Date: Sun, 9 Jan 1994 03:59:32 -0800 From: nblackmo at cln.etc.bc.ca Subject: 2 Qs from a newbie First of all, I'm totaly new to this...I've never brewed anything before in my life, so would appreciate any help you can offer (problems and remedies that a newbie may experience, etc.). Question 1; Are there any *reliable* mailorder companies that would sell what I need? If so please send me information about them. Question 2; Is this available in a non-digest format? If so how would I set myself to it? reply to nblackmo at cln.etc.bc.ca Return to table of contents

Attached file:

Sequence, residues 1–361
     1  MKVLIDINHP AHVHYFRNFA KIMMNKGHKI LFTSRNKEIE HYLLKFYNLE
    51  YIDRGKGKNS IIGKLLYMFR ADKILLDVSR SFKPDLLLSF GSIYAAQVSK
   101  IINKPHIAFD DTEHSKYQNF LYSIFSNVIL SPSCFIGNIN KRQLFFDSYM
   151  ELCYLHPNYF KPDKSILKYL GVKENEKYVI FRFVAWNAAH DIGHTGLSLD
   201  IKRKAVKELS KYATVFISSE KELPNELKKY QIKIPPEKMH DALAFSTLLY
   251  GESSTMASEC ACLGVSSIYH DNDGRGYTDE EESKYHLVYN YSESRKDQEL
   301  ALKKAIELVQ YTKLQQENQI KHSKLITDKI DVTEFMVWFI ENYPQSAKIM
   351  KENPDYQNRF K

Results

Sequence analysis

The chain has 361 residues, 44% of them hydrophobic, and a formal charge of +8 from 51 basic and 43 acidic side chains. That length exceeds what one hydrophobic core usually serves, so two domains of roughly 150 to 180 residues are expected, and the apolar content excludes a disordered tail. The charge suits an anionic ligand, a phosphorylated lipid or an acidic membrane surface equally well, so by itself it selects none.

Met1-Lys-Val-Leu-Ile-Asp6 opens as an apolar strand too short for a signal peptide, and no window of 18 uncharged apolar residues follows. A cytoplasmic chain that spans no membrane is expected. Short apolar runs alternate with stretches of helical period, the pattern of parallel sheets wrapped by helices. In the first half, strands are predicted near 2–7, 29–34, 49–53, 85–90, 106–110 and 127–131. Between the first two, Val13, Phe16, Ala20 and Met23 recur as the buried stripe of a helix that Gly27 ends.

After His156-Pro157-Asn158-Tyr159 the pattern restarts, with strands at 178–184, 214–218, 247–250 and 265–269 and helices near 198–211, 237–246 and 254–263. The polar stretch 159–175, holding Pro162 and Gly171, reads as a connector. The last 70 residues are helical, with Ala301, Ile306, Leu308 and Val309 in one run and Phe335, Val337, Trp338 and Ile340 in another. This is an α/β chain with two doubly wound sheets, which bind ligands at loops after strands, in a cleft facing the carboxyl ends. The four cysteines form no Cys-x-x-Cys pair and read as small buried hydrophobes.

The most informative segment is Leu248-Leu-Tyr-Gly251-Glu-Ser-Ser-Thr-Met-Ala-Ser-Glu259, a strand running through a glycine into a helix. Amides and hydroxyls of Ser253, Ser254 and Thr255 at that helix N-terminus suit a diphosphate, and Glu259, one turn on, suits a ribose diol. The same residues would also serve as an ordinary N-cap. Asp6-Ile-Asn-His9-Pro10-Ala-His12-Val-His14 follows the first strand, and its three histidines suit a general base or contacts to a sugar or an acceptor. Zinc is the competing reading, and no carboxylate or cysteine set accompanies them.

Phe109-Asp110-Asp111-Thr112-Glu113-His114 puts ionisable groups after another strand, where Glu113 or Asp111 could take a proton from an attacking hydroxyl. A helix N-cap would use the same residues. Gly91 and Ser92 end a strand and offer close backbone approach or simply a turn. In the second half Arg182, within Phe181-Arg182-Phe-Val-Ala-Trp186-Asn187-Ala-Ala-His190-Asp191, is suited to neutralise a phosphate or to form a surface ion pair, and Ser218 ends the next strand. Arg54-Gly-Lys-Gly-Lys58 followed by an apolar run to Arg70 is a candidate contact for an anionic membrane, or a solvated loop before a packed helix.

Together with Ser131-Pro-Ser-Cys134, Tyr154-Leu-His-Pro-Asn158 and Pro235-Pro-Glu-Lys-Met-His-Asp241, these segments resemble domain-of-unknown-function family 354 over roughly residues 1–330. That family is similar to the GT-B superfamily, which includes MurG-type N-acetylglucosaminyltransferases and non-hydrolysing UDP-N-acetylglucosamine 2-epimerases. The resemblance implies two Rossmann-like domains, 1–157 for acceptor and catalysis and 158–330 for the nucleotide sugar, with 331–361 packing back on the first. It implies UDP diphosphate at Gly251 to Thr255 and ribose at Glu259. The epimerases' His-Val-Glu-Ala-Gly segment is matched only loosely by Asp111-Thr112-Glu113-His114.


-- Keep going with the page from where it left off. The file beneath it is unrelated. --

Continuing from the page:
Date: Sat, 8 Jan 1994 21:39:45 -0500 (EST) From: rgarvin at btg.com (Rick Garvin (703-761-6630)) Subject: HWBTA Style Guidelines, 2 of 3 Home Wine and Beer Trade Association (HWBTA) 1994 National Homebrew Competition Style Guidelines Part 2 of 3 Part 1) Ales Part 2) Lagers Part 3) Mixed, Meads, Sponsors Lagers 11. BOCK (award sponsored by THE BEVERAGE PEOPLE, SANTA ROSA, CA) a. TRADITIONAL GERMAN BOCK - Copper to dark brown. Full body. Malty sweet character predominates in aroma and flavor with some toasted chocolate. Low bitterness. Low hop flavor "noble-type" OK. No hop aroma. No fruitiness or esters. Low to medium diacetyl OK. Medium to full body. Hop bitterness low. OG 1.066-1.074 IBU 20-30 SRM.20-30. b. HELLES (LIGHT) BOCK - Pale to amber. Other characters same as Dark Bock without chocolate character and medium to full body. OG 1.066-1.068 IBU 20-35 SRM 4.5-6. c. DOPPLEBOCK - Light to very dark - amber to dark brown. Very full body. Malty sweetness evident in aroma and flavor can be intense. High alcoholic flavor. Slight fruitness and esters OK, but not very desirable. Low bitterness. Low hop flavor, "noble- type" OK. No hop aroma. Low diacetyl OK. OG 1074-1.080 IBU 17-27 SRM 12-30. 12. BAVARIAN DARK (award sponsored by CONSOLIDATED BEVERAGES/COOPERS, MEDINA, WA) a. MUNICH DUNKEL - Copper to dark brown. Medium body. Nutty, toasted, chocolatelike malty sweetness in aroma and flavor. Medium bitterness. Hop flavor and aroma, "noble-type" OK No fruitiness or esters. Low diacetyl OK. OG 1.052-1.056 IBU 16-25 SRM 17-23. b. SCHWARZBIER - Dark brown to black. Medium body. Roasted malt evident. Low sweetness in aroma and flavor. Low to medium bitterness. Low bitterness from roast malt. Hop flavor and aroma, "noble-type" OK. No fruitiness, or esters. Low diacetyl OK. OG 1.044-1.052 IBU 22-30 SRM 25-30. 13. DORTMUND/EXPORT (award sponsored by LIL BROWN JUG, TACOMA, WA) a. Pale to golden. Medium body. Medium malty sweetness. Medium bitterness. Hop flavor "noble-type" and aroma OK. No fruiiness, esters or diacetyl. Alcoholic warmth evident. OG 1.048-1.056 IBU 23-29 SRM 4-6. 14. MUNICH HELLES (award sponsored by JONMER, INC., FOSTER CITY, CA) a. Pale to golden. Medium body. Medium malty sweetness. Low bitterness. Hop flavor and aroma "noble-type" OK. No fruitiness or esters. Low diacetyl OK. OG 1.044-1.052 IBU 18-25 SRM 3-5. 15. CLASSIC PILSENER (award sponsored by THE RENO HOMEBREWER, RENO, NV) a. GERMAN - Pale to golden. Light to medium body. High hop bitterness. Medium hop flavor and aroma "noble-type." Low maltiness in aroma and flavor. No fruitiness, esters. Very low diacetyl OK. OG 1.044-1.050 IBU 30-40 SRM 2.5-4. b. BOHEMIAN - Pale to golden. Light to medium body. Medium to high bitterness. Low to medium hop flavor and aroma "noble-type." Low to medium maltiness in aroma and flavor. No fruitiness, esters. Low diacetyl OK. OG 1.044-1.056 IBU 35-45 SRM 3-5. 16. AMERICAN LAGER (award sponsored by THE MARKET BASKET, BROOKFIELD, WI) a. AMERICAN STANDARD - Very pale. Light body. Very low bitterness. Low malt aroma and flavor. Low hop aroma and flavor OK. Effervescent. No fruitiness, esters or diacetyl. OG 1.040-1.046 IBU 5-17 SRM 2-4. b. AMERICAN PREMIUM - Very pale to golden. Light body. Low to medium bitterness. Low malt aroma and flavor OK. Low hop flavor or aroma OK. Effervescent. No fruitiness, esters or diacetyl. OG 1.046-1.050 IBU 13-23 SRM 2-8. c. AMERICAN DARK - Deep copper to dark brown. Light to medium body. Low bitterness. Low malt aroma or flavor OK. Low hop flavor or aroma OK. Effervescent. No fruitiness, esters. Very low diacetyl OK. OG 1.040-1.050 IBU 14-20 SRM 10-20. 17. VIENNA/OKTOBERFEST/MARZEN (award sponsored by FERMENTATION FRENZY, LOS ALTOS, CA) a. VIENNA - Amber to deep copper/light brown. Toasted malt aroma and flavor. Low malt sweetness. Light to medium body. Hop bitterness "noble-type" low to medium. Low hop flavor and aroma, "noble-type" OK. No fruitiness, esters. Low diacetyl OK. OG 1.048- 1.055 IBU 22-28 SRM 8-12. b. OKTOBERFEST/MARZEN - Amber to deep copper/orange. Malty sweetness, toasted malt aroma and flavor dominant. Medium body. Low to medium bitterness Low hop flavor and aroma, "noble-type" OK. No fruitiness, esters, or diacetyl. OG 1.052-1.064 IBU 22-28 SRM 7-14. Return to table of contents